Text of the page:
There exist many coulomb-counter chips which measure the integrated current going into or out of a battery for purposes of estimating the charge state. Are there any good chips for easy circuits for the purpose of measuring how much charge is used by a particular operation which may take 1-500ms? None of the charge-counting chips I've looked at offer good resolution on short time scales. A typical chip, for example, would output roughly two counts per second at maximum input current; if an operation requires e.g. 100mA for 10ms, and 25mA for 90ms, a coulomb-counter which would output two counts per second at maximum current (100mA) would offer one count per 50mC. The operation described would consume 3.25mC, so the counter would only yield one count every 15 operations.
One approach I was considering would be to use a discontinuous-mode switching power supply, operating from a regulated input voltage, and count the number of switcher pulses. That should yield a high-resolution count; if the switching power supply always used the same amount of current in each pulse, and if the current always fell to zero between pulses, the number of pulses should be directly proportional to the total integrated current. Unfortunately, that's not the most efficient way to operate a switcher, and most switchers attempt to operate more efficiently than that.
Supposing the supply voltage will be either 3 or 6 volts, the maximum current is 250mA, and the goal is to have a minimum of 50% efficiency and 3mW quiescent dissipation, what would be the best approach?
Although I'd like to have a general-purpose measurement approach, the particular application I have in mind is determining what factors affect the energy consumption of various "intelligent" RF modules which will be used outdoors. For example, if the modules normally consume one mAs every 15 seconds to maintain a mesh, but during a rainstorm some of the modules will occasionally start consuming 10maS every second for a couple minutes, that sort of thing would be useful to know. If for some reason the idle current which normally sits at 25uA sometimes goes up to 40uA, I'd like to know that too.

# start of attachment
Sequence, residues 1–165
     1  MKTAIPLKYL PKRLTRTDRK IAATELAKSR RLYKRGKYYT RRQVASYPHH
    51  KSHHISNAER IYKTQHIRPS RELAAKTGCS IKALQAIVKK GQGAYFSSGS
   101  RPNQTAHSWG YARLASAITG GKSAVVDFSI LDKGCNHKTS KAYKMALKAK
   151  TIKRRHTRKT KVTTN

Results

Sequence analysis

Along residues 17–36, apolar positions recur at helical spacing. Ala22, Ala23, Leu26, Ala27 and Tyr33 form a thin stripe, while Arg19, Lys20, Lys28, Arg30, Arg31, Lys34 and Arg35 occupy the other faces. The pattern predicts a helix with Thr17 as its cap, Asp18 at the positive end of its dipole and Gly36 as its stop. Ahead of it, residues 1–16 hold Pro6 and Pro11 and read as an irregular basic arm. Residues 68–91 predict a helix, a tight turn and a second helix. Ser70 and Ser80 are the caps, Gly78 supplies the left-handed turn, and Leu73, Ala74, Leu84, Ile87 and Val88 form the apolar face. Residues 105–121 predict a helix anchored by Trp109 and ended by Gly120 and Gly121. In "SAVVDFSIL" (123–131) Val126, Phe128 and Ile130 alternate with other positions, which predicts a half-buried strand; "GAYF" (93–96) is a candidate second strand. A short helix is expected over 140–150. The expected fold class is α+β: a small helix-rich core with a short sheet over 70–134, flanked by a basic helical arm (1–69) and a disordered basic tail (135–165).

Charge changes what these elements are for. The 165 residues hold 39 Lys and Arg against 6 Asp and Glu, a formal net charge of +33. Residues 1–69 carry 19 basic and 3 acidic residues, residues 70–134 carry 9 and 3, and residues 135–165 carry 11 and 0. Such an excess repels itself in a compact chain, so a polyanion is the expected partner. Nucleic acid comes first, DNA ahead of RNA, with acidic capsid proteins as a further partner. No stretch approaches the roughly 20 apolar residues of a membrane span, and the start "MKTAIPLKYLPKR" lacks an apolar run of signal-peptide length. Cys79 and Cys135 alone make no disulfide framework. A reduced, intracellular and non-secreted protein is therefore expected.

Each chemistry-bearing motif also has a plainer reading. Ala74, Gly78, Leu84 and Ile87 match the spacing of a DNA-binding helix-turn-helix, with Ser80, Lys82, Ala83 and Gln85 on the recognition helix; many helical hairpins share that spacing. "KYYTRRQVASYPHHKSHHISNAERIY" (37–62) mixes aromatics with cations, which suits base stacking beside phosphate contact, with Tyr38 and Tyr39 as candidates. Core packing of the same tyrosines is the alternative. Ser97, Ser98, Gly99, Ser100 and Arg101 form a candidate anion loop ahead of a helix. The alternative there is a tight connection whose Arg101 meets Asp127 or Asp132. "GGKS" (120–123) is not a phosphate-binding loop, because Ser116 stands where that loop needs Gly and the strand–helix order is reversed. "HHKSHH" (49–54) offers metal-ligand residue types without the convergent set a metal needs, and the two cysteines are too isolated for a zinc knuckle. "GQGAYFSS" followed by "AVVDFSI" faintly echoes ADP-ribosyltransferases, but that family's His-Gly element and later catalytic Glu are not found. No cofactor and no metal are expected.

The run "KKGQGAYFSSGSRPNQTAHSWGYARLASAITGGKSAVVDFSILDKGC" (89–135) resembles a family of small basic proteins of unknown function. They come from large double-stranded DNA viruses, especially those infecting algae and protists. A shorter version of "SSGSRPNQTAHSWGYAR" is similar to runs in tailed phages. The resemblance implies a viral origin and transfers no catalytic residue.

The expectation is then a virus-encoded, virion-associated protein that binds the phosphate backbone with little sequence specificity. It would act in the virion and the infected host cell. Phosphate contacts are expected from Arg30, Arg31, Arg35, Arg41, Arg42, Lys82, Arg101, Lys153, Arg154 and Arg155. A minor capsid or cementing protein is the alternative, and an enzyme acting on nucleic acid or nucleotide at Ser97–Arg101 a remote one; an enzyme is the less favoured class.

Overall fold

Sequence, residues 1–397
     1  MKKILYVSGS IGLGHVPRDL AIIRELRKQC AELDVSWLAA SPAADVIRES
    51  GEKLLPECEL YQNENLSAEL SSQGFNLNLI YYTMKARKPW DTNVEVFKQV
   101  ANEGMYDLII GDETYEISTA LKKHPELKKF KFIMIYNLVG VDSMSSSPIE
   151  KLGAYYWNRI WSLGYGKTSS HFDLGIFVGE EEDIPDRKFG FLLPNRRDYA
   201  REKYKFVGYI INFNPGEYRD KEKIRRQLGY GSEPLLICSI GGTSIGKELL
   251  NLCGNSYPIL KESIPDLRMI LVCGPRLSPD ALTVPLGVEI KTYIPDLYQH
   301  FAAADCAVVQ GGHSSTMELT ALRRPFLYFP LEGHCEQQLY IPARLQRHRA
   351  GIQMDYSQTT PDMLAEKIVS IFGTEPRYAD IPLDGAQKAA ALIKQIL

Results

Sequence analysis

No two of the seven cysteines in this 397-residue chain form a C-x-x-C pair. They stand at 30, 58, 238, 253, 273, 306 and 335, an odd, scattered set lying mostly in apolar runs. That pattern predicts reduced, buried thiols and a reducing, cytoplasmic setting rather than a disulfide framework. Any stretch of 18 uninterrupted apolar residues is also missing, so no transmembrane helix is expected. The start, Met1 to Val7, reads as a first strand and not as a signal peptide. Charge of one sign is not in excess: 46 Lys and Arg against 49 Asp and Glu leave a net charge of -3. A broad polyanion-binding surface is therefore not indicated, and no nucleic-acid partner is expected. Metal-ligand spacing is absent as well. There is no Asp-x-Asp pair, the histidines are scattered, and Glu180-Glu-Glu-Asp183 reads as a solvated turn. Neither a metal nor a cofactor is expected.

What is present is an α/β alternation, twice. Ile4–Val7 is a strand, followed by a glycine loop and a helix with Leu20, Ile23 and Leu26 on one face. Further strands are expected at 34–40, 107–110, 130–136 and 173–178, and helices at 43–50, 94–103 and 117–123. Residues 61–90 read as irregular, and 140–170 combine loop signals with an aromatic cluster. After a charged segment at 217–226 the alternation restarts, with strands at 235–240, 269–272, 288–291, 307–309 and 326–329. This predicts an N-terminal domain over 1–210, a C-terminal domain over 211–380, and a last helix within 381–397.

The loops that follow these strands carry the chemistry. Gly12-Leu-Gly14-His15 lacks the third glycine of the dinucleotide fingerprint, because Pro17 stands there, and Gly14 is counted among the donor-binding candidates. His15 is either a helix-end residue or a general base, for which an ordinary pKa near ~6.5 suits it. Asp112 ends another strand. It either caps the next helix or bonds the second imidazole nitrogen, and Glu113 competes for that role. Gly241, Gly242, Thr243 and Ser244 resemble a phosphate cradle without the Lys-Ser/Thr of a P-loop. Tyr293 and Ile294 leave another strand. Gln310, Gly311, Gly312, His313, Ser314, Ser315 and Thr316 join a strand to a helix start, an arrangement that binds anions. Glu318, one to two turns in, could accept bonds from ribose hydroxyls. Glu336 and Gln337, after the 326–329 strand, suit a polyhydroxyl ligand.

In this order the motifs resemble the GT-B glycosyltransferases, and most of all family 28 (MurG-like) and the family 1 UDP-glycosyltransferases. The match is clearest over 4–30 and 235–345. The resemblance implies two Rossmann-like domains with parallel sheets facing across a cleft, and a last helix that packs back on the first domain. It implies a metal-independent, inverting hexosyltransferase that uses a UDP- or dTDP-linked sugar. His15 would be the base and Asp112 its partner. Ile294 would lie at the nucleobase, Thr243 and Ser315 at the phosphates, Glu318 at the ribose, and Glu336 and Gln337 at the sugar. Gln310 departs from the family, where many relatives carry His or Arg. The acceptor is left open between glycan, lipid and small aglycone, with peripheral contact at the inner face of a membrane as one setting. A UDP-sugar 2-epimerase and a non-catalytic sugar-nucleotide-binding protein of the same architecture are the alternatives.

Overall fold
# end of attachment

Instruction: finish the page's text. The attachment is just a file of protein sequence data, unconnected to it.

A lot of charge integrating devices work by measuring instantaneous current and integrating the measured values. My concern with that is that the instantaneous current will have a rather large dynamic range (I'd like to if possible be accurate to 10uA in low-current situations, but be able to capture events up to 250mA), and taking readings with that level of prevision fast enough to ensure that even short events get integrated accurately would seem a bit tricky.
One solution I'm thinking of would be to use a PIC with a built-in or external analog comparator, running off a regulated 3.30 volts; whenever the output is below 3.10 volts, switch on a PFET with a series resistor adjusted to pass 0.50A with a 0.20 volt drop. If there is a sufficient cap on the output, the PIC should be able to sleep whenever there is adequate voltage on the output; when the voltage falls below 3.10 volts, the PIC could wake up, feed pulses to the PFET until the voltage gets back above 3.10 volts, and, if charging didn't take too many pulses, "go back to bed".
I would expect that measurement scale accuracy should be affected by the accuracy of the PIC's clock, the effective combined resistance of the PFET and series resistor, and the comparison of the output voltage to 3.10 volts, regulation of the 3.30 volt input. Measurement offset accuracy would be purely a function of leakage.
If the goal is to have an overall accuracy of 10%, the PIC would generally have to keep its output within 0.02V of the target. Faced with a 250mA load, a 1000uF cap would drop 0.250V/ms. Keeping the voltage drop below 0.02 volts would require having the PIC wake up within 80us, which I think is probably doable with the RC-oscillator-based PICs.